THE VEIL, passed only once a year by the high-priest, carrying blood, reminded the worshipers that the way into the holiest was not yet perfect. There were degrees of fellowship with God to which those rites could give no introduction. "The way into the holiest was not yet made manifest." "The veil, that is to say, his flesh" (Heb. 10:20). Oh, fine twined linen, in thy purity, thou wert never so pure as that body which was conceived without sin! Oh, exquisite work of curious imagery, thou canst not vie with the marvelous mysteries that gather in that human form! Yet, till Jesus died, there was a barrier, an obstacle, a veil. It was bespattered with blood, but it was a veil still. But at the hour when he breathed out his soul in death, the veil was rent by mighty unseen hands from top to bottom, disclosing all the sacred mysteries beyond to the unaccustomed eyes of any priests who at that moment may have been burning incense at the hour of prayer, while the whole multitude stood without (Lk 1:9). It is a rent veil now, and the way into the holiest lies open. It is new and living and blood-marked; we may therefore tread it without fear or mistake, and pass in with holy boldness to stand where angels veil their faces with their wings in ceaseless adoration (He 10:19, 20).
THE ARK. A box, oblong in shape, 4 ft. 6 in. in length, by 2 ft. 8 in. in breadth and height; made of acacia wood, overlaid with gold; its lid, a golden slab, called the mercy-seat, on which cherubic forms stood or knelt, with eyes fixed on the blood stained golden slab between them; for it was on the mercy-seat that the blood was copiously sprinkled year by year, and there the Shekinah light ever shone. In the wilderness wanderings the ark contained the tables of stone, not broken but whole, the manna, and the rod. But when it came to rest, and the staves were drawn out, the manna, food for pilgrims, and the rod, which symbolized the power of life, were gone; only the law remained.
The law can never be done away with. It is holy, just, and good. Not one jot or tittle can pass away from it. It is at the heart of all things. Beneath all surfaces, below all coverlets, deeper than the foam and tumult and revolution of the world, rests righteous and inexorable law. We must all yield to its imperial sway. Even the atheist must build his walls according to the dictates of the plumb-line, or they will inevitably crumble to ruin.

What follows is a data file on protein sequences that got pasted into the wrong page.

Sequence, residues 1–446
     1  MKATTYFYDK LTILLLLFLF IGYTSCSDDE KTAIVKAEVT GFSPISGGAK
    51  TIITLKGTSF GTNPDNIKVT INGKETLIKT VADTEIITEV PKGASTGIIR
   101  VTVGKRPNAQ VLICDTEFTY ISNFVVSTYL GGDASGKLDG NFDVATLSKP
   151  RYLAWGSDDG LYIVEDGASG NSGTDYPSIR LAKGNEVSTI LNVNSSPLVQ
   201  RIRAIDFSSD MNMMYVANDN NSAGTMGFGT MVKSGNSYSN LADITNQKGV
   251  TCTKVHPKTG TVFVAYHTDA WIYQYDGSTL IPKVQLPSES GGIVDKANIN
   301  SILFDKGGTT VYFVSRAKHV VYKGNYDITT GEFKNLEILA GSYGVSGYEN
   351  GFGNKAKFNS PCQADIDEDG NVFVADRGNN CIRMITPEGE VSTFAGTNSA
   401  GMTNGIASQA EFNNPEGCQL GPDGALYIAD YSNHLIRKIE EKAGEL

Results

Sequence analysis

But law is under love. The golden mercy-seat exactly covered and hid the tables, as they no longer leaped from crag to crag, but lay quietly beneath it. An ark without a covering, and from which tables of stony law looked out on one, would be terrible indeed. But there need be no dread to those who know that God will commune with them from above a mercy-seat which completely meets the case and is sprinkled with blood. We are told by the Apostle, who had well read the deepest meaning of these types, that "God hath set forth Christ Jesus as a mercy seat, through faith in his blood" (Ro 3:24, 25-See notes Ro 3:24; 25). Jesus has met the demands of law by his golden life and his death of blood; and we may meet God's righteousness in him. Our own righteousness would be an insufficient covering, too narrow and too short; but our Substitute has met every possible demand. "Who is he that condemneth? It is Christ that died." Grace reigns through righteousness unto eternal life.
But ah, no blood of goat or calf can speak the priceless value of his blood, by which we have access into the holiest. Oh, precious blood! which tells of a heart breaking with love and sorrow; which betrays a life poured out like water on the ground in extremest agony; which gathers up all the meaning of Leviticus and its many hecatombs of victims; the pledge of tenderest friendship, the purchase money of our redemption, the wine of life: thy scarlet thread speaks to us from the windows of the past in symbols of joy and hope and peace and immortal love. The precious blood of Christ!